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Learning a Trade

We peel each other back for practice, only some of us are silk
and others burlap—I’ll measure your grief down to the last
inch, perform open-heart surgery with a Singer.
I love you to distraction, but your hem

is slightly off.  I can wrap you in a ball of yarn,
the riches of my sensitivity and warmth, mark all the alterations
with a pencil in case you forget—re-knit your being with nimble fingers,

the pattern of your waist and of your shoulders.  I will unravel your loose string
like the Three Stooges do in their two-reels, so sure of their ability,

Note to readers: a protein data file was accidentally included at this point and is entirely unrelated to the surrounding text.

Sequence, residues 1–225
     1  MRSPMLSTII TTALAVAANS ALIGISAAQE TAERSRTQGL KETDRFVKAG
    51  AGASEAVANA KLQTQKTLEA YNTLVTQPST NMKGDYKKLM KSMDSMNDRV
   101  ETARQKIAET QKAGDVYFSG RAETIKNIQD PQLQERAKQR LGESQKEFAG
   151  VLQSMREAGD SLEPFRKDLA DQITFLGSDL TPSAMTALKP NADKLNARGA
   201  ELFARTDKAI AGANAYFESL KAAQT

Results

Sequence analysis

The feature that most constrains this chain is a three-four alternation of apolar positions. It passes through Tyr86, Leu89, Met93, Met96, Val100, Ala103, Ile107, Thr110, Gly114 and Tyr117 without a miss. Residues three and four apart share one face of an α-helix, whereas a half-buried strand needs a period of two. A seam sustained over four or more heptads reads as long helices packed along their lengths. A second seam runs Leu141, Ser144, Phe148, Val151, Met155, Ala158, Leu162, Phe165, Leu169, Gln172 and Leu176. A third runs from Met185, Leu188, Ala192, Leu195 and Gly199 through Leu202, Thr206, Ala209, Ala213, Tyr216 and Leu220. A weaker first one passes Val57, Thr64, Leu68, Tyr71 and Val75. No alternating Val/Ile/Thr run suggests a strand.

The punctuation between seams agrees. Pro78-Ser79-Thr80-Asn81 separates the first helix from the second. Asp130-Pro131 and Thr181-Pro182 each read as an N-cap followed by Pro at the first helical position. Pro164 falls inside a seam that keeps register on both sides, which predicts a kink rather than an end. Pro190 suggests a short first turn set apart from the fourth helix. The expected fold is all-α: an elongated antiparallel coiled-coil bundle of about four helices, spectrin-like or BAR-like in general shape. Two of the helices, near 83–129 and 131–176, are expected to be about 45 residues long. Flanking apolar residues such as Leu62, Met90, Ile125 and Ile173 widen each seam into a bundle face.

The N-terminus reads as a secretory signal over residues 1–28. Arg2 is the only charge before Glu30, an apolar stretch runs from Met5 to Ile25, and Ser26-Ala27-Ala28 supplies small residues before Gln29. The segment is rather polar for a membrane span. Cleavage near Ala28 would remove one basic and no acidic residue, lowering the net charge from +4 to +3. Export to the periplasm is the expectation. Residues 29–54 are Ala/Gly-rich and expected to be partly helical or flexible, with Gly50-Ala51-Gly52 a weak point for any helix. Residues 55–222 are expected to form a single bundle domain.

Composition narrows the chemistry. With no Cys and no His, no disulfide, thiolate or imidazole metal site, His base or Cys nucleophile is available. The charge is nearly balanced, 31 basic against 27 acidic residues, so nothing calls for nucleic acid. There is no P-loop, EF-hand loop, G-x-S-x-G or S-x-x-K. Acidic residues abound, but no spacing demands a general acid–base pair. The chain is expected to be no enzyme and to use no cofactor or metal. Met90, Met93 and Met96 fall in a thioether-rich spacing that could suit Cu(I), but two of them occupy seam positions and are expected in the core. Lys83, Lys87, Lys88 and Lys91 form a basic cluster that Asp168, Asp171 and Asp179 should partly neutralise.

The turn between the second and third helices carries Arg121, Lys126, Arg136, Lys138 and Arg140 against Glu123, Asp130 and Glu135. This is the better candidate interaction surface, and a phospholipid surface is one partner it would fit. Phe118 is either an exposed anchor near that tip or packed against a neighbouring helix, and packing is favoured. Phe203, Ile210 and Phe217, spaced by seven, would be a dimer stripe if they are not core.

possessed with such fervor.  And I will leave you there—
a city on a hill for all to see, the burning light house

that guides each ship of fools—
maimed and shivering
but in perfection.


Schubert’s Death and the Maiden

Amid the crumpled sheets
and band posters, the origami cranes
hanging from the ceiling, there is no suave
decay, no Renaissance wet-dream.
No metaphor for the Plague or the importance
of bearing enough healthy,
patriotic citizens.
Just wistful resignation
on both their parts—
even though the key is major at the end—
that he has shown up early
and beeped the horn
of his rusty ‘87 Cutlass, out of nerves
and not machismo, and is apologizing
again: “I love you,” he says,
“enter me, overcome me,
fall asleep in my arms.”
He is Chagall’s green-skinned boy
kissing the eyelids of his beloved under a canopy.


Nicholas Sauer is a teacher of history and English from Pittsburgh, Pennsylvania.  He is a former editor of Nuances, the online literary magazine of La Roche College.